AKB, Ch. 1, V. 37: Dhatus of Fruition, Accumulation, and Outflowing

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AKB, Ch. 1, V. 37: Dhatus of Fruition, Accumulation, and Outflowing

Post by Queequeg »

This is a tough section to penetrate because these categories really don't seem to line up with my modern, secular materialist conditioning. Please help.

First the definitions.

1. Of Fruition - Vipakaja. Vasubandhu offers three explanations of the etymology of the term.

First, as a contraction of vipakahetuja - "arisen from the cause of fruition."

Alternatively, it is "arisen from vipaka," not a contraction. In this case, the emphasis is on the fruit of the ripened action. Vasubandhu points out that the action arrives at the time of the ripened fruit. Cause and Effect are simultaneous. This is a curious way to conceive it, but I have to keep in mind that for Sarvastivadins, these dharmas are irreducible. My personal inclination would be to see the ripened cause and ripened effect that arrive together are actually just different perspectives. I realize one needs to be careful in saying that since to even suggest alternative perspectives occurring simultaneously is nothing more than speculation. It seems similar to the well known problem with examining light - it either appears as waves or as particles. To say that the particles are simultaneously waves or vice versa is to lay speculation over the direct observation. The approach seems unassailable, though it also feels deliberate and awkward. It feels like trying to play billiards without kick and bank shots.

Alternatively again, Vipakaja is not a contraction - In this case, Vasubandhu explains, the effect implies the cause (hetu) so to mention it would be redundant.

The Princeton Dictionary translates vipaka: "In Sanscrit and Pali, lit. "ripening," thus "maturation, "fruition," or "result"; referring specifically to the "maturation" of past deeds (karman). VIpaka refers to any mental phenomenon that occurs as a result of a morally wholesome or unwholesome volitional action performed by body, speech, or mind, either in this or previous lives. Fruitions can be divided between those that occur during the lifetime in which the deed is performed, those that occur in the lifetime immediately following the lifetime in which the deed is performed , and those that occur two or more lifetimes later. Although the fruition is the result of a wholesome or unwholesome act, the vipaka itself is always morally neutral and manifests itself as something pleasant or painful that is either physical or metal..."

2. Of Accumulation - Aupacayika

Vasubandhu seems to describe this as the effect of certain actions that have the tendency of holding and reinforcing certain retribution. "That which is accumulated nearby." This appears to only apply to dhatu that is composed of matter.

There is no definition of this term in the Princeton Dictionary, and google is not particularly helpful. I suspect we'll be coming back to this topic in the future. That said, if anyone can contribute a working definition, maybe with some illustrative examples, that would be helpful.

3. Of Outflowing - Naisyandika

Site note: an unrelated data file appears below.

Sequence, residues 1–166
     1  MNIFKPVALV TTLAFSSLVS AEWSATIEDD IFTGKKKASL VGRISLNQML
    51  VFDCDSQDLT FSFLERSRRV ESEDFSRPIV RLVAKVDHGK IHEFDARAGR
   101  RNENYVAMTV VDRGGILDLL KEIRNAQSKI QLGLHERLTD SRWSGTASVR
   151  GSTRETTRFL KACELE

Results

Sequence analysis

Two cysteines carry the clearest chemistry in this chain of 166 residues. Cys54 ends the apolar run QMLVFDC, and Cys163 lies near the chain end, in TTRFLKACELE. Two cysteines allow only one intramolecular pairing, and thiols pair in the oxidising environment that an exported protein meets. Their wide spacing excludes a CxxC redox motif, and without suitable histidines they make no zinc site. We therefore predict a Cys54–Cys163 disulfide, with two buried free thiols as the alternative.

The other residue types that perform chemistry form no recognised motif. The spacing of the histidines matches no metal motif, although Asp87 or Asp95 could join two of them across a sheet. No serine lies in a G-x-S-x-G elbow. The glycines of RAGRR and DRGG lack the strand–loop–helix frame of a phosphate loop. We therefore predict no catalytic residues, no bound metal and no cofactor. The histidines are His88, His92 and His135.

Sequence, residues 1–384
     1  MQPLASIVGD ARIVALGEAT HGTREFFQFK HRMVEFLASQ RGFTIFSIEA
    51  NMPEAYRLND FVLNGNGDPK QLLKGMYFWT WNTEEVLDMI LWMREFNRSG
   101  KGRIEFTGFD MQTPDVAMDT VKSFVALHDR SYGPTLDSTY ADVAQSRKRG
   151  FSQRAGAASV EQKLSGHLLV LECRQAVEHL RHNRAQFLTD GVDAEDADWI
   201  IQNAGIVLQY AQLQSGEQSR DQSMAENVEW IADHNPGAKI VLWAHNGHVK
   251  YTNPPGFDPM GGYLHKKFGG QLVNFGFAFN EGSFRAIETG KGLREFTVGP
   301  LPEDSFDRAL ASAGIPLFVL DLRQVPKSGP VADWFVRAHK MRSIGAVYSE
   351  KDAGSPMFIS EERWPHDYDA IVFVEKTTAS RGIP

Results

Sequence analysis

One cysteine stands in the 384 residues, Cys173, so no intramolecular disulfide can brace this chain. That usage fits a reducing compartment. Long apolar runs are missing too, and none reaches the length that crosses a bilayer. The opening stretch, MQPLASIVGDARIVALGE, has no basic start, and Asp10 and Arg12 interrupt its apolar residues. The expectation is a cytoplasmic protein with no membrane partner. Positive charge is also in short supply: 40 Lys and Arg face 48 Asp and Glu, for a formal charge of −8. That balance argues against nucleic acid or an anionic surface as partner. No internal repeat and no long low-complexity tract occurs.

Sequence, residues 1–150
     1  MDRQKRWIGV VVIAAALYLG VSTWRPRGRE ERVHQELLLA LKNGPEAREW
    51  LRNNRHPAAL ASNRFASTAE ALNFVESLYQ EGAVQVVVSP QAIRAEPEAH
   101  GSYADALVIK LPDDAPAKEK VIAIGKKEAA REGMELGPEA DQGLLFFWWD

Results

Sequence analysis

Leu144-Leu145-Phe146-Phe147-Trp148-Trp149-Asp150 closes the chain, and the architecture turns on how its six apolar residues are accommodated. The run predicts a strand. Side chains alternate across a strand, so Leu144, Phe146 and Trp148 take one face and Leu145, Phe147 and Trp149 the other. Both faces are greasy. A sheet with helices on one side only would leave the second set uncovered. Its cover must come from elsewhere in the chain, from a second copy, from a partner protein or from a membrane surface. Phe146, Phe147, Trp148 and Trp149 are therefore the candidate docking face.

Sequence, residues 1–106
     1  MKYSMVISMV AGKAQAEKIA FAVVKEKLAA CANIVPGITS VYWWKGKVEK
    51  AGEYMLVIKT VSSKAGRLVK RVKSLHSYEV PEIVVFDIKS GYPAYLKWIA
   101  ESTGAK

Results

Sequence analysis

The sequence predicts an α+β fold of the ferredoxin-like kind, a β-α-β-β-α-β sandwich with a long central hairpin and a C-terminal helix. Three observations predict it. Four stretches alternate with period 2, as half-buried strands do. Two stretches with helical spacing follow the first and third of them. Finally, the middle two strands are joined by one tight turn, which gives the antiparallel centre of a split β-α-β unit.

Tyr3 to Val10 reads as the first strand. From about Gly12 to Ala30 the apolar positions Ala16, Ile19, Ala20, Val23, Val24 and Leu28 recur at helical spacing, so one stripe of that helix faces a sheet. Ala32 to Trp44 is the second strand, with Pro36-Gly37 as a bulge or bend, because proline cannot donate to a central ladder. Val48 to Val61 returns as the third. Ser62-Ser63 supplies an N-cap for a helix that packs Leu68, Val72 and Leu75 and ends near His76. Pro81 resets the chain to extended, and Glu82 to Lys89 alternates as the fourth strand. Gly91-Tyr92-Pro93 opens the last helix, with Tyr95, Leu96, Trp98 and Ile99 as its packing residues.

"That which is produced by a cause similar to its effect."

Vasubandhu offers even less explanation. No entry in the Princeton Dictionary. Google not particularly helpful.

I'll copy paste here: "I suspect we'll be coming back to this topic in the future. That said, if anyone can contribute a working definition, maybe with some illustrative examples, that would be helpful."

Five organs or internal dhatus - the eye, ear, nose, tongue, body, are of fruition and accumulation. Fruition because they are the result (vipakaphala) of previous wholesome or unwholesome actions (vipakahetu). They are also of accumulation because it is sustained by certain causes, for instance, food. They are not outflowing, even though they do produce similar effects from moment to moment through life ie. one's eye appears continuously, moment to moment from birth until death, at death, though the form of the eye may continue, with the cessation of function it is no longer an eye but a clump of flesh.

Sound is accumulation and outflowing, but not fruition.

Sound is also not of retribution.

I can't figure this one out. I'm missing something about how sound is conceptualized in this system.

Malcolm, a little explanation?

The Eight Dhatus not capable of resistance, ie. not of form - the seven consciousnesses and the dharmadhatu, are outflowing and retribution depending on the nature of their causes, whether similar or universal (outflowing) or retributive (fruition). Since they are not material, they are not accumulation.

The remaining dhatus, visible matter, smells, tastes, and tangibles, can be retribution when they are "not separable from organic matter", as well as accumulation and outflowing.
Those who, even with distracted minds,
Entered a stupa compound
And chanted but once, “Namo Buddhaya!”
Have certainly attained the path of the buddhas.

-Lotus Sutra, Upaya Chapter

There is only reality; there is nothing separate from reality. The naturally tranquil nature of dharmas is shamatha. The abiding luminosity of tranquility is vipashyana.

-From Guanding's Introduction to Zhiyi's Great Shamatha and Vipashyana
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